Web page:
Essays on American politics and foreign policy

By Donald E. Nuechterlein

Donald Nuechterlein is a political scientist and writer who resides near Charlottesville, Virginia. He is the author of numerous books on American politics and foreign policy, including

  • Defiant Superpower: The New American Hegemony, 2005
  • America Recommitted: A Superpower Assesses its Role in a Turbulent World, 2000
  • A Cold War Odyssey, 1997


Donald Nuechterlein


APRIL 2017

A new book by J. Harvie Wilkinson, a Virginia native and retired judge, is a broad indictment of damage wrought to American institutions and culture by young radicals in the 1960s. Titled "All Falling Faiths: Reflections on the Promise and Failure of the 1960s," the book describes the impact on American society of a rebellious generation on the values held by their parents.

Reading this deeply personal memoir of Mr. Wilkinson's experiences during the 1960s as a student at Yale and University of Virginia law school, one might ask whether the subtitle might read "Gone with the Wind ll".

This book raises sobering questions about the Cultural Revolution's impact on our institutions, among them: education, family, justice, military service, and churches. Wilkinson compares the life he had known in Richmond, Virginia, and the major changes he experienced during the rest of his long career.

Those of us who watched the 1960s unfold recall the rebellious melee that erupted in Chicago in August 1968 when the Democratic Party's National Convention was nearly shut down. Two years later, even more destructive demonstrations rocked college campuses and even parts of the government in Washington, following the shooting of four students at Kent State University protesting the Vietnam War.

Impact of Vietnam

Of the various causes of the cultural revolution, the war in Vietnam and drafting a million young men to fight there produced deep fissures in American society that have not healed. In 1967 I was teaching an evening course on Southeast Asia at George Washington, University in Washington, and my students wanted an answer to just one question: "Why is this country fighting a war in Southeast Asia?"

Based on a study of the history and politics of Vietnam, Thailand, and Indonesia, which I had acquired during an assignment at the U.S. Embassy in Bangkok, I explained why President Kennedy decided in 1961 that Southeast Asia, including Vietnam, was a vital national interest. These students were not persuaded; they debated whether anyone should be drafted for the war. One of them had just been part of a "massive" march on the Pentagon, which barely avoided serious casualties.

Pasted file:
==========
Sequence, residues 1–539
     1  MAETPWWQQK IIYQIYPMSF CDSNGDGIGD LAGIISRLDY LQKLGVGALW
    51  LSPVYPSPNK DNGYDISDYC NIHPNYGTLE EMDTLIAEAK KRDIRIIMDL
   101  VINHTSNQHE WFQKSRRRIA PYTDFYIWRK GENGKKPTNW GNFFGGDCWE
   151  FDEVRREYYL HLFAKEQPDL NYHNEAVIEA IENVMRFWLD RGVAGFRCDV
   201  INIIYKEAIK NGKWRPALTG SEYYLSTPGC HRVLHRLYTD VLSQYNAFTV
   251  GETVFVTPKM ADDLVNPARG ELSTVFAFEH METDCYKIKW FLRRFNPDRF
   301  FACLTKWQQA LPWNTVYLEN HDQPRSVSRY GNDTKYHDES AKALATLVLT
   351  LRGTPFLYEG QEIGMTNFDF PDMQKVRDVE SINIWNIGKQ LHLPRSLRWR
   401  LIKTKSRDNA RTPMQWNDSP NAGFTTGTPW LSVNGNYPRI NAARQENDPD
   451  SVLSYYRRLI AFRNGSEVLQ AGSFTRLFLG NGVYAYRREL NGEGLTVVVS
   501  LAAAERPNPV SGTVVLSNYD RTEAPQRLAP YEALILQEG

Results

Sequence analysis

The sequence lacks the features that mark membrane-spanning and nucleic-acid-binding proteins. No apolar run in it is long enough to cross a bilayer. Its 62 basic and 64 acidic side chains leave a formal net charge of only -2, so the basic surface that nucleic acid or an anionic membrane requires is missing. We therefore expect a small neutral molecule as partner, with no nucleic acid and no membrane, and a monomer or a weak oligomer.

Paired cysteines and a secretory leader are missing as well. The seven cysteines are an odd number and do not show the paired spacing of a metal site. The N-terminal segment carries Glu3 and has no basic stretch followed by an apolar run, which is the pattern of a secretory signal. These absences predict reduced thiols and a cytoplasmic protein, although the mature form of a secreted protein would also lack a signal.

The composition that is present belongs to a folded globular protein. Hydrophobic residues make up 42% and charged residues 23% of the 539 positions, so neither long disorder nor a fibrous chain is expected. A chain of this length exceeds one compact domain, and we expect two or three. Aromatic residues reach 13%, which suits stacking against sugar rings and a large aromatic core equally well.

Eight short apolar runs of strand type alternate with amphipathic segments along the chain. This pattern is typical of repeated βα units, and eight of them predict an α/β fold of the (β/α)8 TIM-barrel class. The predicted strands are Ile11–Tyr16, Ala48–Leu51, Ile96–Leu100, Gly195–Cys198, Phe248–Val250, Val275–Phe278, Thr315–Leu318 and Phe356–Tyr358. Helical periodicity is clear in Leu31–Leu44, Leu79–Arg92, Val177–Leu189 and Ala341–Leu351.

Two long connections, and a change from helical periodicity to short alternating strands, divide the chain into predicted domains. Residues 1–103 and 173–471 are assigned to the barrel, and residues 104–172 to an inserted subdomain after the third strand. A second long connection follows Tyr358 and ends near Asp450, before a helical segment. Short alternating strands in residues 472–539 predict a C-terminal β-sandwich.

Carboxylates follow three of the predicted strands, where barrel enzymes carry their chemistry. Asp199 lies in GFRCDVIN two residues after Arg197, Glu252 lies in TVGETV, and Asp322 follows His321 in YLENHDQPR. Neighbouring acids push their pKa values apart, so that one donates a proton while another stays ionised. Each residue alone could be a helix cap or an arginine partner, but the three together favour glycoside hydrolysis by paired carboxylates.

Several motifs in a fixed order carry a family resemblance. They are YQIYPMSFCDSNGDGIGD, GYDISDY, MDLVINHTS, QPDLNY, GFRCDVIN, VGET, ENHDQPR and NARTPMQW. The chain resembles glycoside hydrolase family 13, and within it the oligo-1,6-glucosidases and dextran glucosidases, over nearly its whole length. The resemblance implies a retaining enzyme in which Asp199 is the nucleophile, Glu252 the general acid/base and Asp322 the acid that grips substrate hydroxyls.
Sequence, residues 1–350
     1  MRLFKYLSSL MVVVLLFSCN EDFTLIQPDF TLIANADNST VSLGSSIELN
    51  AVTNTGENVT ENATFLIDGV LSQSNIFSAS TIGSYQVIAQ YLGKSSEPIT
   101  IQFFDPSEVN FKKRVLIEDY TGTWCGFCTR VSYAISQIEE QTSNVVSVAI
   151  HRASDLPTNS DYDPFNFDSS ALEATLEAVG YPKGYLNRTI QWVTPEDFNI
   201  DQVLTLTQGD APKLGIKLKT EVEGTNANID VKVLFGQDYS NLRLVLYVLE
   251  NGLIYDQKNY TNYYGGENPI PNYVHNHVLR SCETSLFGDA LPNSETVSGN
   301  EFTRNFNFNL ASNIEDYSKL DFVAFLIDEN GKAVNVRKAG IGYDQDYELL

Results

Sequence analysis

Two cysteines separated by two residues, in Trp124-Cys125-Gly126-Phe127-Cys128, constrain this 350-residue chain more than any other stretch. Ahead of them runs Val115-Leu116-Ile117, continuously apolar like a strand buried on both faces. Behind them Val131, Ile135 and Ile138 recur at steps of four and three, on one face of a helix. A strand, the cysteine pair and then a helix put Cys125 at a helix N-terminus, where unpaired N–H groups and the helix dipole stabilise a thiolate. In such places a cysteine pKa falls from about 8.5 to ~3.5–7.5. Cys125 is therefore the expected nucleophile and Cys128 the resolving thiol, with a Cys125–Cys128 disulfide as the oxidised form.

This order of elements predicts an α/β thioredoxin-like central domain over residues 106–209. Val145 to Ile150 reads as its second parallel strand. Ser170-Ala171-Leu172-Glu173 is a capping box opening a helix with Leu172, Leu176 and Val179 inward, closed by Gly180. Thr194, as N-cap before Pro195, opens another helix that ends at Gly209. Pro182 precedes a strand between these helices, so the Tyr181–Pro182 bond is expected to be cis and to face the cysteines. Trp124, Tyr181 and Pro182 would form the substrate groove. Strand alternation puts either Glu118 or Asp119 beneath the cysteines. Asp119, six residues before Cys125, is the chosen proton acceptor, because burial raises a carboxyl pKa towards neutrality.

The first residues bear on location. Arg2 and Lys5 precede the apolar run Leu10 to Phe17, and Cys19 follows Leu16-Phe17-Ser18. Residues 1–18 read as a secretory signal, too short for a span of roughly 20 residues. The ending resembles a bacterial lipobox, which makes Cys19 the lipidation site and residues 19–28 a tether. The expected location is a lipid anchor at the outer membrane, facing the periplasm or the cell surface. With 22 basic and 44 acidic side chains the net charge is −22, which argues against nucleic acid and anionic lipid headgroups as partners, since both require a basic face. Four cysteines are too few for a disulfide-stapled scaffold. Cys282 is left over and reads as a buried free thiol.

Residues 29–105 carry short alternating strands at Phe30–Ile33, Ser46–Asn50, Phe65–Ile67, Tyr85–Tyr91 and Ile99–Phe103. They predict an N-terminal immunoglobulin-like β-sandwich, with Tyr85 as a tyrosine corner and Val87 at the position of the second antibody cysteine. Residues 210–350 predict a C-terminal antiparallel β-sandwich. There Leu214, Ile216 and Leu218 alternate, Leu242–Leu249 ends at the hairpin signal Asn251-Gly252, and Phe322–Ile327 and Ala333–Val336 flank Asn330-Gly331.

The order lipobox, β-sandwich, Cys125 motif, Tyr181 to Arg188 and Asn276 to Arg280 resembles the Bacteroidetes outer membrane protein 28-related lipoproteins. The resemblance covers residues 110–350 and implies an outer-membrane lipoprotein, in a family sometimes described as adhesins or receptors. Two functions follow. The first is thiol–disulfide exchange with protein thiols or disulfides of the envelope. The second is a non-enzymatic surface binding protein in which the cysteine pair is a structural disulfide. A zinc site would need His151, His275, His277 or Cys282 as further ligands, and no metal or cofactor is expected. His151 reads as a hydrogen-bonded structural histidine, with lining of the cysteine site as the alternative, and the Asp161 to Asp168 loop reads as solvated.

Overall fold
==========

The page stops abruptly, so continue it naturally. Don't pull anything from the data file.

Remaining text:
1968 became the pivotal year in a confrontation between the old and new order of American society. The stunning assassinations of Martin Luther King, and Robert Kennedy that spring, and President Johnson's decision not to seek reelection, led to major violence at the Democrats' convention in Chicago. It caused many to question whether the political system had sustained serious damage. Richard Nixon's election as president in November seemed to confirm that political polarization in Washington was inevitable.

1960s legacy

What lasting impact has the 1960s and war in Vietnam had on the country?

American politics changed dramatically. With a few exceptions, Democrats and Republicans found it difficult in succeeding decades to agree on major legislation. The impeachment of Republican President Nixon, in 1974, and impeachment of Democratic President Clinton in 1998 produced a decline in civility and cooperation among members of Congress and added to political tensions in Washington. Today, major legislation such as health care reform, curbing illegal immigration, and approving Supreme Court justices is stymied by the partisan divide.

Similarly, bipartisanship in foreign policy diverged in the 1970s between those who thought the country should never wage war overseas, and those who believed America could not just walk away from obligations to allies and friends. Most Democrats didn't support Ronald Reagan's major defense buildup in the 1980s because they feared it would precipitate war with the Soviet Union.

After the Cold War ended in 1990 and Bill Clinton became president in 1993, Democrats favored large cuts in defense spending while giving more support to diplomacy to keep the peace. Bipartisanship in foreign policy prevailed for a time after the devastating 9-11 attacks, but it broke down over the war in Iraq. Barack Obama's unwillingness to use military force in the Syria civil war led to a deeper divide on the conduct of foreign policy in the last few years.

In 2017, the partisan divide in politics and foreign policy appears to be permanent.

File last modified on Tuesday, 03-AMAY-2017 8:45 AM EST

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